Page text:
There’s a whole lot of Who-style historical conjecture and restructuring, with Algonquin Indian chief Wanchese, Sir Walter Raleigh and a man who history notes as part and parcel of the mystery, one John White.

The official record tells us that White, a colonist at Roanoake, sailed back to Britain for supplies.  His return was delayed by the confiscation of his ship (as part of the war effort against Spain at the time) such that his return to the colony came a full three years after his point of departure.

At that time, he discovered an abandoned settlement, with the word “Croatoan” inscribed on a tree nearby.  When White investigated the nearby island bearing that name, there was no trace of there ever having been a colonial embarkation, much less settlement thereon.  The actual fate of the colonists remains unknown to this day.

Or at least, until Matthew Sweet (no, not the indie rocker famed for such hits as “Girlfriend” and for revitalizing the careers of Television and Voidoids guitarists Richard Lloyd and Robert Quine, respectively) set his pen to address the affair…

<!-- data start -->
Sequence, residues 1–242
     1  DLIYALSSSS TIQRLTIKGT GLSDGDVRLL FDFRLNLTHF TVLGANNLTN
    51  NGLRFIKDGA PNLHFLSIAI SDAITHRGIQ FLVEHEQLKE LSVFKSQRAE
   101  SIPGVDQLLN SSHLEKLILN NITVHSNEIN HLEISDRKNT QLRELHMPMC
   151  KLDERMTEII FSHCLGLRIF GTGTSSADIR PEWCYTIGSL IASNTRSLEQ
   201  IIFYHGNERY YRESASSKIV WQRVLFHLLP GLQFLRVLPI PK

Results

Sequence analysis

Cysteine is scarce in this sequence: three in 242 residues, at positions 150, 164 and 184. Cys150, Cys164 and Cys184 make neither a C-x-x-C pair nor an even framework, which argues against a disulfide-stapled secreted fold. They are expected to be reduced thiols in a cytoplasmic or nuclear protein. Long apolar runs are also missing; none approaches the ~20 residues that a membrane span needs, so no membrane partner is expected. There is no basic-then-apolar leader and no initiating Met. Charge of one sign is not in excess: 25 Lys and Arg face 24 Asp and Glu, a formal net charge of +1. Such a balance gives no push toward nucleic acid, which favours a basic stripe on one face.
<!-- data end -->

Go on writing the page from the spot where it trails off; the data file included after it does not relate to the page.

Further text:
“Sorry about him…Mr. White, here, loves his guns…his ruff is ridiculously big too.  I think we all know what that’s about…”

Like most historicals, this is a bit of a hard one to review, at least without getting bogged down in the tit for tat of history and its myriad vagaries.  What would be a fairly simple plot to chat about (or dance around the details of) in a more standard science fiction based or modern day milieu becomes a hopelessly tangled skein, inviting a microscopic dissection of minutiae, separating established record from flights of fancy.

About the simplest it ever gets would be the televised Peter Davison era serial The Visitation, where the basic story can be boiled down to the amusing conjecture: was the Great Fire of London really caused by The Doctor and the Terileptils?

But for the most part, these sort of stories present more problems than they’re worth, at least in terms of the sort of discussion, dissection and allusion which comprise the art form of the intelligent review.

As such, I’m unsure how to really give a sense of this offering to the uninitiated prospective listener.  Above and beyond the conundrum of record and historical loose end the tale revolves around, we get a rather convoluted bit of travelling back and forth in time, an island of ghostly children who actually turn out to be alien symbiotes, kidnappings, sacrificial offerings and broken treaties, and a historical figure piloting the Tardis who essentially causes the whole mess in the first place (or at the very least makes the situation far worse than it already is).